Entitlement Reform: A Fight We Can Win
The United States is crossroads. We are facing a massive deficit brought on by historic spending and entitlement expansion. The nation is now coming to the slow realization that these policies cannot be sustained without crippling their economy for years to come. But it is the next generation that will be responsible for the fiscal responsibility of today’s government.
Therein lies the problem. Former Congressman Jack Danforth said back in 1992 that,
“I have never seen more senators express discontent with their jobs . . . I think the major reason is that, deep down in our hearts, we have been accomplices to doing something terrible and unforgivable to this wonderful country. Deep down in our hearts, we know that we have bankrupted America and that we have given our children a legacy of bankruptcy . . . We have defrauded our country to get ourselves elected.”
That quote sums up the multitude of problems that prevents the government from coming up with real solutions to the debt crisis. First, an election survival instinct instructs Congressmen to ignore the problem. Entitlement reform is as polarizing as Duke basketball. Elected officials, who remain in a constant struggle to stay in office, tend to shy away from divisive topics which could cost them votes.
The perfect example is health care reform. Finding votes on one of the Democrats top legislative priorities was akin to pulling teeth. And that’s when you try to give people something. Imagine the toxicity of a policy choice that requires taking away something from people. Fortunately the tide may be turning here. Recent polls show that people’s concern with the debt and deficit are growing into major issues amongst the electorate. But while the issue remains popular in the abstract it receives much less fanfare in practice. For instance, everyone likes hearing that a candidate will cut the deficit, nobody likes hearing that he’s going to do it by increasing the retirement age.
Second, there is very little incentive for the government to act immediately. Jack Danforth’s quote about bankrupting future generations was made back in 1992 – nearly 20 years ago! If Congress senses there is an opportunity to kick an unpopular can down the road it is pretty much a sure bet that they will. Eventually the problem must come to a head. There are only so many generations who can say, “we must do this to save our kid’s future” before that future becomes the present.
Third, a generational struggle exists in the fight to lower the budget deficit. As the Economistwrote,
“The main fault line is often intergenerational. Some promises, particularly on public-sector pensions and health care, may impose too great a burden on the next generation. Middle-aged Americans have written checks on the accounts of their children. Scaling back those promises, for example by raising the pension age, is a prerequisite for getting public finances in order just about everywhere . . .”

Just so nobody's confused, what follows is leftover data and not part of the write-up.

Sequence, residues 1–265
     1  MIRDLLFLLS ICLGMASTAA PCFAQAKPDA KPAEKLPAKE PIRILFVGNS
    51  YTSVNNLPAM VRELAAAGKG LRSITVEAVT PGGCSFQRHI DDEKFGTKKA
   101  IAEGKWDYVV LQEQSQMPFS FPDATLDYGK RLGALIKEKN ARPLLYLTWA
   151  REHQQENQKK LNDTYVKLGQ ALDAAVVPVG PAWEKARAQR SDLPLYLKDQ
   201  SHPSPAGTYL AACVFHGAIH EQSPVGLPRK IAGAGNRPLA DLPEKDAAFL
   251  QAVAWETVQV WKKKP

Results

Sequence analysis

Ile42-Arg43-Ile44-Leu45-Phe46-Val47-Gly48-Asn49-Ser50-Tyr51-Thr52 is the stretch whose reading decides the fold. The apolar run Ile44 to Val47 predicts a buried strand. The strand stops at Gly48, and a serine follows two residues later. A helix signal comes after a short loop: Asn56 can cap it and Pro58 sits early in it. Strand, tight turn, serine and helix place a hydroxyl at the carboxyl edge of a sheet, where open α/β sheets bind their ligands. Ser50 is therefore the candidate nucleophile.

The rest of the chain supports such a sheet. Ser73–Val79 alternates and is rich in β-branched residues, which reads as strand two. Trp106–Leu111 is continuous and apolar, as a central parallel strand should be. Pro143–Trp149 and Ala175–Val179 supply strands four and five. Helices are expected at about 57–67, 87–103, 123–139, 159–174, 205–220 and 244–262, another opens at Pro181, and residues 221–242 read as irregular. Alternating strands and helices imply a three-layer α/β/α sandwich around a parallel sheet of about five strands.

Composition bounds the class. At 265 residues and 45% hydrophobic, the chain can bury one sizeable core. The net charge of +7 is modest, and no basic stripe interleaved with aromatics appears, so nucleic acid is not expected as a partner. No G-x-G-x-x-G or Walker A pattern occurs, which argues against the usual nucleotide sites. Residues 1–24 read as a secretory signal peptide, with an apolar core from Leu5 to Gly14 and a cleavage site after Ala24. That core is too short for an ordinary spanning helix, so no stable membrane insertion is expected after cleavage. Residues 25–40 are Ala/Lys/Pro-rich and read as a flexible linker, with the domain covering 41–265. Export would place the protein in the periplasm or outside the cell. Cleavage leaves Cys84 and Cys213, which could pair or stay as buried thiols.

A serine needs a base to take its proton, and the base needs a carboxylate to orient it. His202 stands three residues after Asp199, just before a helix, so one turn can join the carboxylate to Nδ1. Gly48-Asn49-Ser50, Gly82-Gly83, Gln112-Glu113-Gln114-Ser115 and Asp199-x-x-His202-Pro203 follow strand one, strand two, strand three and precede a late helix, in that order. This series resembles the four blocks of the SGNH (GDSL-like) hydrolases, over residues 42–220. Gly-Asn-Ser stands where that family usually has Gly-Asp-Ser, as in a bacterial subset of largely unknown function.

Older generations don’t have the same anxiety about national debt and budget deficits as younger generations. Older voters take a micro-view of the debt and are mainly concerned with maintaining and maximizing their benefits. Younger voters take a macro-view in that they understand that without reform they are likely to either suffer through increased taxes or reduced benefits. Unfortunately, older voters are notoriously reliable to show up to vote in November whereas young voters must overcome a stigma of apathy. The stigma has translated into a powerful voting cue for members of Congress. Tough to win elections, especially as a Republican, by conceding the older cohort to another candidate. This is why Danforth felt like an “accomplice to doing something terrible.” He, like many of today’s politicians, understood the political expediency (which runs directly in contrast with the long-term economic expediency) of the continued growth in government spending.
While an intergenerational fault line exists it does not follow that there must be an avalanche of debt. Our nation is already approaching the first prerequisite to getting generations on the same page – a common understanding of the debt and entitlement crisis we face. But we must also seek out reforms that cater to young and old alike. For instance, we could eliminate the Social Security payroll tax so that we close the gap between dollars paid into the program and benefits received by the retiree but also index the retirement age to today’s life expectancy. Entitlements and debt are simply too big of an issue to be tackled by only one age constituency. We must find common ground where we can and promote an understanding that we must fix the system before it breaks down completely.
We must not be “accomplices” in bankrupting this generation. Our generation is one step ahead in their understanding of the dire fiscal future of this nation. We still face an uphill struggle. We must make Washington understand that we must act quickly. Our actions must make them believe that the truly politically toxic maneuver is to ignore the issue. We’re fighting against an image of our own creation, but it is a fight we can win.
by Brandon Greife, Political Director of the College Republican National Committee
Read more: www.collegerepublicans.org